January 22, 2010
I was struck by a recent conversation with a client. She was reacting to an employee who, in her words, just did not get it. When I asked what the employee did not get, the conversation expanded into how, despite all that was going on in the economy, some staff were still reluctant to change. We talked about why such reluctance existed. The manager felt that some employees had their heads in the sand and needed a reality check.
I have a different take on the situation. On questioning the manager, it became clear that while the organisation was very direct on telling employees what needed to change, there was very little communication about why the change was necessary or even what difference it would make. If your employees cannot see a direct link between what the organisation wants them to do and how it will drive the organisation, managers can hardly expect them to be driven to change. Most employees will change; what they need is a valid reason. If organisations do not give their employee a clear line of sight between what is expected of them and what the organisation is doing, then while change may take place, it will be slower and less successful than it could have been.
January 6, 2010
I was in a retail store recently – an outlet of a major international brand based in a large shopping centre. While browsing, I engaged in a favourite past-time – people watching. The store manager was instructing a staff member to rearrange several displays. While I cannot comment on any previous interactions between the two, this one was enlightening in the use and impact of the manager’s body language as was the employee’s reaction.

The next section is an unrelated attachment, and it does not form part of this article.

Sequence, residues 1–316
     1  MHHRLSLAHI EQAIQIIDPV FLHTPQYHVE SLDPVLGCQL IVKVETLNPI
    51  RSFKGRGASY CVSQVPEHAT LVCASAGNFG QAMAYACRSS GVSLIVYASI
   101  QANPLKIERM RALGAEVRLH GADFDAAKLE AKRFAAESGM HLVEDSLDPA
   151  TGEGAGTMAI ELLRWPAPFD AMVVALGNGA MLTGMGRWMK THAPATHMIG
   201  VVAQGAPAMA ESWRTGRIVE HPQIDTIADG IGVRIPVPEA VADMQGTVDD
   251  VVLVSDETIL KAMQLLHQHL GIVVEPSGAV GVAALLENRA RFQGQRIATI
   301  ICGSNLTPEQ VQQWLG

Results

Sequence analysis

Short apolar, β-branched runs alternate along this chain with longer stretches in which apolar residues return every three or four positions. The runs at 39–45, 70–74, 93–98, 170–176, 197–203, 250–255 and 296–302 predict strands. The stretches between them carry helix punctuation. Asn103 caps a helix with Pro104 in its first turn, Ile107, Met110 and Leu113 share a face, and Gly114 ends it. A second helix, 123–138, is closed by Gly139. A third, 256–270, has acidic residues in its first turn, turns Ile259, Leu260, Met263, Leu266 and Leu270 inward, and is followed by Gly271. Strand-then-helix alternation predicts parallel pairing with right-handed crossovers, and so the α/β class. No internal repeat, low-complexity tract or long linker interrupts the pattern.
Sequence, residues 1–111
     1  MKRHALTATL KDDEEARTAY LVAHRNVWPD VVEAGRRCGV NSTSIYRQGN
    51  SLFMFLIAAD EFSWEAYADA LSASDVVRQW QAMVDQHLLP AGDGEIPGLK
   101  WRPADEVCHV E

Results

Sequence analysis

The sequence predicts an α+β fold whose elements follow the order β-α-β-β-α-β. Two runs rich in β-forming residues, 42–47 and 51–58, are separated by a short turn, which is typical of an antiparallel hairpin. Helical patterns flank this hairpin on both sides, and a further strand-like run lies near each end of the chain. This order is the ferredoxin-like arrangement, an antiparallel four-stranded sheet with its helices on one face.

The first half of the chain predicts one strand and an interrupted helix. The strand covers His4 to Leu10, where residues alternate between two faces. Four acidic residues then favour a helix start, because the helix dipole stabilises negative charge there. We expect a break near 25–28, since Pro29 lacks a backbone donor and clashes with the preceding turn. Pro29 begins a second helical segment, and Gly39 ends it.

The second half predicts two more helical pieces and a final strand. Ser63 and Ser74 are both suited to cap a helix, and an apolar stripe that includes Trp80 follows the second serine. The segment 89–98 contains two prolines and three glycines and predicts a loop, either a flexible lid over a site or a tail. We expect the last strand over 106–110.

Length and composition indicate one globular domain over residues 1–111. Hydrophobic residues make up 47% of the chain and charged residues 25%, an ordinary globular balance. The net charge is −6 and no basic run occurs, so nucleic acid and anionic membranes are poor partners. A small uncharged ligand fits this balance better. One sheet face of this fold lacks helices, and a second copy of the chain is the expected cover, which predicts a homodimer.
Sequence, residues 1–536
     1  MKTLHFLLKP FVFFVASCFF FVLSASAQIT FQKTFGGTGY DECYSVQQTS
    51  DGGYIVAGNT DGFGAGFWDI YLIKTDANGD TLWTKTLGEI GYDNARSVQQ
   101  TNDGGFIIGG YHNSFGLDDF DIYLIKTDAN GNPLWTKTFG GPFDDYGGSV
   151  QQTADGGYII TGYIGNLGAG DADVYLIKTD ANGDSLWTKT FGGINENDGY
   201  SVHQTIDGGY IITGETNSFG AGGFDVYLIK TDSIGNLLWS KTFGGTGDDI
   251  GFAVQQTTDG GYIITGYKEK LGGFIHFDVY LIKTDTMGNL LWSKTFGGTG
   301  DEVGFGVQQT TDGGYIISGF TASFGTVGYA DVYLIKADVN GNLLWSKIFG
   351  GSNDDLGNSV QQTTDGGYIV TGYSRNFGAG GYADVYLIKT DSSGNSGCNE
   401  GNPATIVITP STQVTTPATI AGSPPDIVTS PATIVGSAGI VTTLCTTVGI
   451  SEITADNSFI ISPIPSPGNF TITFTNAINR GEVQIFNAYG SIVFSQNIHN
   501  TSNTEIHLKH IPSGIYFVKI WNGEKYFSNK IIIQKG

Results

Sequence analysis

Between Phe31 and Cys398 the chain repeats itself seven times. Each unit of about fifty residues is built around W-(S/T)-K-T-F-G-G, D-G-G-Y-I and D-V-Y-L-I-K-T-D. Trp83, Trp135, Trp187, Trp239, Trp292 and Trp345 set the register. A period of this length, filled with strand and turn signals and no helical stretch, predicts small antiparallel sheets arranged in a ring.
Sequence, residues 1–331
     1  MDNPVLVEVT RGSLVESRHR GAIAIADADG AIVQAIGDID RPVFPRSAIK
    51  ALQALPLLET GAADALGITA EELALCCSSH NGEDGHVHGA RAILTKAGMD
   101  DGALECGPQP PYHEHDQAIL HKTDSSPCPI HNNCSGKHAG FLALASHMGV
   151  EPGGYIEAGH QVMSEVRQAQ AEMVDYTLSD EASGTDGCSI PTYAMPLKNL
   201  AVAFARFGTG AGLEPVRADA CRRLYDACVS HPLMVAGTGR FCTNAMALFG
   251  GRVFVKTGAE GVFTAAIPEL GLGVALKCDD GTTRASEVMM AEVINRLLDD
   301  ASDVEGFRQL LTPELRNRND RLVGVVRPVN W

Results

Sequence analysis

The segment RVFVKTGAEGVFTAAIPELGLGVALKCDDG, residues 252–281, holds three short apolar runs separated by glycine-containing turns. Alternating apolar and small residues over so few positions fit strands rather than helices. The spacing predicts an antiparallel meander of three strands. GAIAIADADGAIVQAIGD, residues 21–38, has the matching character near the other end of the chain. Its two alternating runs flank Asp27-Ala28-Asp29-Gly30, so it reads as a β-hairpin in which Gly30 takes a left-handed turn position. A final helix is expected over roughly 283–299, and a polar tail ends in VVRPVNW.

The words used by the manager were both polite and clear. His tone and body language (especially facial expressions),however, told a different story. This was a manager who was impatient and determined to show the employee who was in charge. The impact upon the employee was worth observing. She was doing her best to maintain as much distance from her manager as possible given the circumstances. Her facial expressions were obviously neutral and her responses were mono-tonal. This was someone who was very much aware of the power dynamic at play and was not exactly happy with it.
The manager – as is often the case – was totally unaware of the impact he was having on one of his team. Relying on the power of his position, he expected the employee to carry out his instructions. However, the carrying out of those instructions would be all that he would receive. I would imagine that any additional or discretionary performance would not be forthcoming. Any situation that falls outside his instructions would likely require further interventions from the manager – taking up his time and effort. A simple realisation of how body language can change the manager/staff dynamic would have transformed this routine engagement.
Every interaction that we have with those that we work with has an impact. The question managers need to ask themselves is: what impact am I having and is that impact positive or negative to our the working relationship?